Whachoo talkin about Danos?
When Yordi was told by a friend the other day to "Go wash your hands in the sink" she replied, "That is not a SINK, that is a BOWL." This friend then looked up at me and jokingly said, "Wow, I'm impressed that she's using complete sentences already, but I think I liked her better when she didn't speak English."
That's when I realized that we were moving away from the "Please excuse my child's actions, things were different in Ethiopia," stage and into the, "My kid just said what?" stage of parenting. Our social 7 year old is becoming a chatty, and quite often sassy 7 year old. I'm doing less interpreting and speaking on the behalf of my children every day. Which means they are saying more of what's on their mind... many times to complete strangers and usually with the social graces of a 7 year old. Habtamu is more likely to go into shy-boy mode and less inclined to blurt, but Yordi is becoming quite comfortable telling people exactly what's on her mind.
Here's a couple recent episodes from Daddy's Head-slap theater:
While enjoying dinner at church the other night, Yordanos stated to the whole table, "Habtamu sleep good, his bedroom is over Mommy and Daddy's. I am scared at night, my bedroom is next to house with loud radio." I know, I know, on the scale of inappropriateness, this is like a 1 out of 10, but it was completely out of left field, and caught me by surprise. It also got us talking about what our unemployed neighbor would possibly be doing while playing loud music late into the night, which really wasn't something neither Chris nor I wanted to speculate on with the church crowd.
Then 24 hours later I'm with the kids in Wal-Mart trying to talk Yordanos into trying on a really cute summer dress, but tragically it's white and purple, not pink, and therefore completely unworthy of her attention. The girl behind the counter in front of the changing rooms heard us going back and forth and commented that she thought the dress would look really good on her. Smart Daddy would have played the 'You can use the changing room if you try on the dress' card but Irritated Shopper Daddy wasn't thinking about how to spin the angles. Anyway, I digress. The girl behind the counter noticed their accents and asked Yordi where she was from. "Ethiopia" she stated, "It's very far. Looooooong airplane," and gave her the NeverEnding Flight interpretive dance. The girl agreed and laughed, then asked how long she and her brother were staying. The question struck a nerve with me only because an African friend back in college once told me that inquiries about how long he was staying were deeply inconsiderate. He felt that they imply an expectation to leave and that you might as well have asked, "When are you finally going to get out of my country?" Yordi's response was sufficiently horrifying.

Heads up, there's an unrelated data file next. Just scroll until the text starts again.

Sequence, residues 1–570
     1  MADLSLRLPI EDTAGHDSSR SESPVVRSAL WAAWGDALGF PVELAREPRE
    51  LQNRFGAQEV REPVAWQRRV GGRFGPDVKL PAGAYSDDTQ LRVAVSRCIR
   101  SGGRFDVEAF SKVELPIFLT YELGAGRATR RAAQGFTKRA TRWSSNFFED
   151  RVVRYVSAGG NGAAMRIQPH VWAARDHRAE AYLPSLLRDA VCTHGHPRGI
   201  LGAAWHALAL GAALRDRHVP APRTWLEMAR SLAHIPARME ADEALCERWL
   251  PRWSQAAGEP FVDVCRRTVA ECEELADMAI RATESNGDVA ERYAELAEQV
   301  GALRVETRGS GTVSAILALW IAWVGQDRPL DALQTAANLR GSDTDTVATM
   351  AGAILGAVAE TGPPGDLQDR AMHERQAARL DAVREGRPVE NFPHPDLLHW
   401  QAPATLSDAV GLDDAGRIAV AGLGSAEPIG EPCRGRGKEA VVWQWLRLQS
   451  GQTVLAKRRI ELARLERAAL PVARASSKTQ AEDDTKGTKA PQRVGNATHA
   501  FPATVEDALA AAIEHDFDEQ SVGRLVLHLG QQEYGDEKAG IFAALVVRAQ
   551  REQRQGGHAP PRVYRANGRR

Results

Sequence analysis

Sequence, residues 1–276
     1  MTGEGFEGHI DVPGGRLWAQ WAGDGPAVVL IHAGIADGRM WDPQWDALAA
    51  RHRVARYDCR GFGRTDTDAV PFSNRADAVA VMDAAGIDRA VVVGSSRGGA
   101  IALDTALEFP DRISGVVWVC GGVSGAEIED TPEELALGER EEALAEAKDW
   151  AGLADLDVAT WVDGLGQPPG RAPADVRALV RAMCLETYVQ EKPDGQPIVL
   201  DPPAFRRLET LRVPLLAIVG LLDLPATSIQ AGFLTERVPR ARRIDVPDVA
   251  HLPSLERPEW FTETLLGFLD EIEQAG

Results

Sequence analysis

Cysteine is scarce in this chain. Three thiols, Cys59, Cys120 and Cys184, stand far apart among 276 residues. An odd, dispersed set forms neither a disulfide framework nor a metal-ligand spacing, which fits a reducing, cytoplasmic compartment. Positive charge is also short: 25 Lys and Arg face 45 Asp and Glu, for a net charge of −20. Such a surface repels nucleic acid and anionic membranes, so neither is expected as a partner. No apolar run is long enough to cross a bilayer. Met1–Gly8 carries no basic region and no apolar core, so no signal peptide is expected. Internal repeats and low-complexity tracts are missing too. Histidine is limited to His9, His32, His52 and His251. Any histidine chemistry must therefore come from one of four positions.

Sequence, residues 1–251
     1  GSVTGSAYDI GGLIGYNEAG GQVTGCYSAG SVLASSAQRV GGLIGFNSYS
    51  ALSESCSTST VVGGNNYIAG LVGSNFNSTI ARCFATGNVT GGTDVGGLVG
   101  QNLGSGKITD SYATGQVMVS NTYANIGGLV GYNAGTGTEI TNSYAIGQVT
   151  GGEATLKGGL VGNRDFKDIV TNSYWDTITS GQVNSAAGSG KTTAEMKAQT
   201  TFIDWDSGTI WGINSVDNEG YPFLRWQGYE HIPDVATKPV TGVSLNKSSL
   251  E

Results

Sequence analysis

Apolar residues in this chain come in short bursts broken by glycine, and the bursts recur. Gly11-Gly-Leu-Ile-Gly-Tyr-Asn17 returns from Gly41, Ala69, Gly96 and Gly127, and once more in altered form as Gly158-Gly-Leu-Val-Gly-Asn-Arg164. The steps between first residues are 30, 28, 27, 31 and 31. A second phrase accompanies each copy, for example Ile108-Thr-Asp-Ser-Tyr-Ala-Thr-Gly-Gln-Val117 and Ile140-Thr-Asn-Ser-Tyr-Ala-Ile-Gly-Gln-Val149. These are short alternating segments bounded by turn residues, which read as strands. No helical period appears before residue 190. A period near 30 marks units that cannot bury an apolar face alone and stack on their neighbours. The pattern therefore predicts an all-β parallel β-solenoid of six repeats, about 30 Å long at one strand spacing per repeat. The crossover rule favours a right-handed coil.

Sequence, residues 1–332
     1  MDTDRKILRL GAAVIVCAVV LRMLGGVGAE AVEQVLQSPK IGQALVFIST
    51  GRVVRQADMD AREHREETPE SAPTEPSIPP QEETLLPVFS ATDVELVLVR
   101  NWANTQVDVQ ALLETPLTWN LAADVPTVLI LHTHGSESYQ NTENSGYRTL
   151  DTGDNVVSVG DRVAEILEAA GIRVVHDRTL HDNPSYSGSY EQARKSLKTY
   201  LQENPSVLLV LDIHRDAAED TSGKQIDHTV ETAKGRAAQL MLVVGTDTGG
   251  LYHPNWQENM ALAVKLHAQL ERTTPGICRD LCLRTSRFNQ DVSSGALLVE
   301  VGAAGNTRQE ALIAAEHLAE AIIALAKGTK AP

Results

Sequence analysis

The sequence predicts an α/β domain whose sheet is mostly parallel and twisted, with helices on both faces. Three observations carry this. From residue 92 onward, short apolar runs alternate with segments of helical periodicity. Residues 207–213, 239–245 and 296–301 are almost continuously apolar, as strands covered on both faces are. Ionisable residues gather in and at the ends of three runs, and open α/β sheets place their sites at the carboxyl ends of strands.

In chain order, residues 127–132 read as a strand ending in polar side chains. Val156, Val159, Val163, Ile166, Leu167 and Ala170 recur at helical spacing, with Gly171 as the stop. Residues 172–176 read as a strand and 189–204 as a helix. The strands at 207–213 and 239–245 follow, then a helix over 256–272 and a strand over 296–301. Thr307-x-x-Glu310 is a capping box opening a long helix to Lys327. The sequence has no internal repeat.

"My mommy died. My daddy is sick too. So looooong airplane," she stated in an eerily nonchalant, sing-songy voice while continuing her little bored-on-the-airplane dance. "They're adopted!" I choked out trying desperately not to add, "Not abducted!" which surely would have made me sound as defensive and embarrassed as I really was. That was followed by the almost obligatory, "Aww" and "God bless you" which I have yet to find a truly graceful way of accepting. I did my best to not literally run out of there, but we did leave as soon as there was an opportunity.
On a lighter note, I got a little more out of her at bedtime the other night. More than just the usual "I don't know" and "I'm scared."
She said, "I wish I had sister. Same bed then not scaried." Finally something to work with!
"Big sister or little sister?" I asked.
"Little sister," she said.
"Then that would make you the big sister and you'd have to be brave," I giggled.
"Brave what?" she replied.
"Brave." I said, "Not scared." She thought about that for a minute and so I moved on.
"Sleep together like Ethiopia?" I asked.
"Yes. Why America no?" she shot back.
"Well, America is different. We want you to know you're special so we give you your own room and your own bed," I fumbled.
"Well, rich enough that you can have your own bed," I smiled.
"Bed how much?" she asked.
"Yours? Oh, your bed was a gift from the people who thought you were nice before you spoke English. Good night!" I turned off the light and left before I had to explain why I was the funniest guy in the room.